compassionate leaves

Do employers have to accommodate compassionate leaves of absence?

The unexpected is a fact of life. When serious health and family crises arise, it can be difficult to manage them while also getting our work done. Compassionate leave, as prescribed under employment standards laws, is meant to address this situation. It protects leaves (unpaid) for employees who need to be away from work in order to care for or support a family member (defined broadly to include non-biological relationships) who is critically ill, injured, or undergoing end-of-life treatment.

In Ontario, family medical leave permits employees to take a leave to provide care or support to family members and to people considered to be like family, who are seriously ill and/or at risk of dying. The Employment Standards Act, 2000 (“ESA”) provides that up to 28 weeks of unpaid, job-protected leave can be taken within a 52-week period. This leave is available to ALL employees who are covered by the ESA, including full-time, part-time permanent or term contract employees. In order to qualify, employees must provide their employer with a certificate issued by a qualified health practitioner describing the serious medical condition affecting the family member you are required to care for and indicating a significant risk of death within the next 26 weeks.

What is “care and support”? Under the ESA, care and support include:

  • Providing psychological or emotional support,
  • Arranging care by a third-party provider, or
  • Directly caring for or participating in the care of the family member. 

It is important to note that, although you may be entitled to a family medical/compassionate care leave, you must still provide a written notice along with the required documentation to your employer prior to taking the leave. A medical certificate from a health practitioner is required, and the notice to the employer must be provided as soon as possible or if leave is more than four weeks, four weeks’ notice.

Does my employer need to pay me during my leave?

Employers are NOT required to pay your wages while on leave. For all leaves, legislation requires employers to provide the employee with the requested time off and allow employees to return to work when the leave has ended. 

Can I return to my job when my leave ends?

Yes. Employees must return to the position they previously occupied when their leave began or a comparable position in which they will be required to have the same pay and benefits they had prior to their leave. 

What happens if my employer doesn’t want to allow me to return to work?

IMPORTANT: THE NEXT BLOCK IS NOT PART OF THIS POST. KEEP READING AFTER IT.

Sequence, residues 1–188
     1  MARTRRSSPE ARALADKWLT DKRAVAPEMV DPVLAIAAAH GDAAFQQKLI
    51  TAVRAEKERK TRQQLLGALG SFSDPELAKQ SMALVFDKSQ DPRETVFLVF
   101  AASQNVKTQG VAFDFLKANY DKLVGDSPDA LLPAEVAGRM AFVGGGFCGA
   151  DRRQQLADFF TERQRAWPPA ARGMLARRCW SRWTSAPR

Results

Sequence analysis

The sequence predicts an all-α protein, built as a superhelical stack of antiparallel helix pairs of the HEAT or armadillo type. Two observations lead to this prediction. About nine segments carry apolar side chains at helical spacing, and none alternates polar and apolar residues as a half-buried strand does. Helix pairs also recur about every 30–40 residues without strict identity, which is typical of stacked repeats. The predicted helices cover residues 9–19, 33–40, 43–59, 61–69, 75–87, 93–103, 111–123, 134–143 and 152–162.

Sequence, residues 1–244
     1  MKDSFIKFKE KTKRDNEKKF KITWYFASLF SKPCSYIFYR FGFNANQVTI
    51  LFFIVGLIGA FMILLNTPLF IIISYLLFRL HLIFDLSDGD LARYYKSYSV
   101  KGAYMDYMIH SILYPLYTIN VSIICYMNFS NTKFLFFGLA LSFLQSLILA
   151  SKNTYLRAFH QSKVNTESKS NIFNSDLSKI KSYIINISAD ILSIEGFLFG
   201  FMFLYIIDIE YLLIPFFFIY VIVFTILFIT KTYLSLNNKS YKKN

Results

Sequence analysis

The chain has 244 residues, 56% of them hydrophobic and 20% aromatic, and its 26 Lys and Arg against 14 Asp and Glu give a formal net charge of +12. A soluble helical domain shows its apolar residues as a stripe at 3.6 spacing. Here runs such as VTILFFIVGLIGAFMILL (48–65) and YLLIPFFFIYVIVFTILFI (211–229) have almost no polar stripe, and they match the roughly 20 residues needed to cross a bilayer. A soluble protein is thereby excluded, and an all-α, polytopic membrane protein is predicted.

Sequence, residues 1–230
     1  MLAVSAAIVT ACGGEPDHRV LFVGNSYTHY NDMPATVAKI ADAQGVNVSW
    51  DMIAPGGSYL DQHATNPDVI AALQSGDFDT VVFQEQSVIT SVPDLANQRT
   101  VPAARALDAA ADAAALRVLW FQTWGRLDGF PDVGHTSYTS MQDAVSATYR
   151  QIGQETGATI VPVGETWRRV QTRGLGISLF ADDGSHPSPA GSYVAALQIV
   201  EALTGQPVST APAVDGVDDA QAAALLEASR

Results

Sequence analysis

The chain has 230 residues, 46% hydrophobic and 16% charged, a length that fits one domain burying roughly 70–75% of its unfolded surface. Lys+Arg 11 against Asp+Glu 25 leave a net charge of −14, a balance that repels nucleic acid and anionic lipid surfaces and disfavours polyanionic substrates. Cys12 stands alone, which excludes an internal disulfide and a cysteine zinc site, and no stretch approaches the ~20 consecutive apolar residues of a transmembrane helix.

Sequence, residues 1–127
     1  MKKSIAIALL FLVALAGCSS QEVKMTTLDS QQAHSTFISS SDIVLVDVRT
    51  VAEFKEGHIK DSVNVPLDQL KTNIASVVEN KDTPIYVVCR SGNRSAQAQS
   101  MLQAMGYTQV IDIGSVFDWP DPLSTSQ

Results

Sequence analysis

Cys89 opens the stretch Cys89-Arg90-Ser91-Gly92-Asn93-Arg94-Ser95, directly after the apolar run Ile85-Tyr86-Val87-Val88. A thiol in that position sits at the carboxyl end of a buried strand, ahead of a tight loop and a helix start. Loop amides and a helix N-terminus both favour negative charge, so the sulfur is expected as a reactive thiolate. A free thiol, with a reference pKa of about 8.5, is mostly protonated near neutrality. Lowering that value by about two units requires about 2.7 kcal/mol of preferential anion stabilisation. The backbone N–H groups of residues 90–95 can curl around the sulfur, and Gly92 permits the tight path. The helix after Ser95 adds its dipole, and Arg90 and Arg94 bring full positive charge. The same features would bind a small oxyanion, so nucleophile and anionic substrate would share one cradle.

They cannot lawfully do so. Employers must allow their employees to return to their job, or a comparable job, with the same or greater pay and benefits when they return from leave. 

When does my compassionate care leave to start and when does it end?

Leave begins during one of the following weeks, whichever happens first:

  • the week the health care practitioner signs the medical certificate;
  • the week the health care practitioner examines the gravely ill family member; or
  • the week the family member becomes gravely ill if the health care practitioner can determine that date (for example the date you got the test results)

The leave ends when:

  • the 28 weeks of compassionate care are complete;
  • the gravely ill family member dies or no longer requires care or support; or
  • the 52-week period expires


Medical crises are a fact of all our lives. They are very stressful situations that we should be free to deal with without the additional worry of losing our job.

If you are an employee who is currently going through this, understand that you are entitled to a compassionate care leave to provide care or support to a gravely ill family member at risk of dying. 

To take this leave, be sure to complete all the necessary steps to provide notice to your employer, as well as the required medical information. Under the law, if you take protected leave, your job will remain secure, so that once your leave is done you may return to your job, or a comparable job, with the same or greater pay and benefits. 


If you are an employee whose accommodation request has been denied by your employer, or an employer who is facing a human rights claim, our team of experienced employment lawyers at Achkar Law can help. Contact us by phone toll-free at 1 (800) 771-7882 or email us at [email protected] and we would be happy to assist.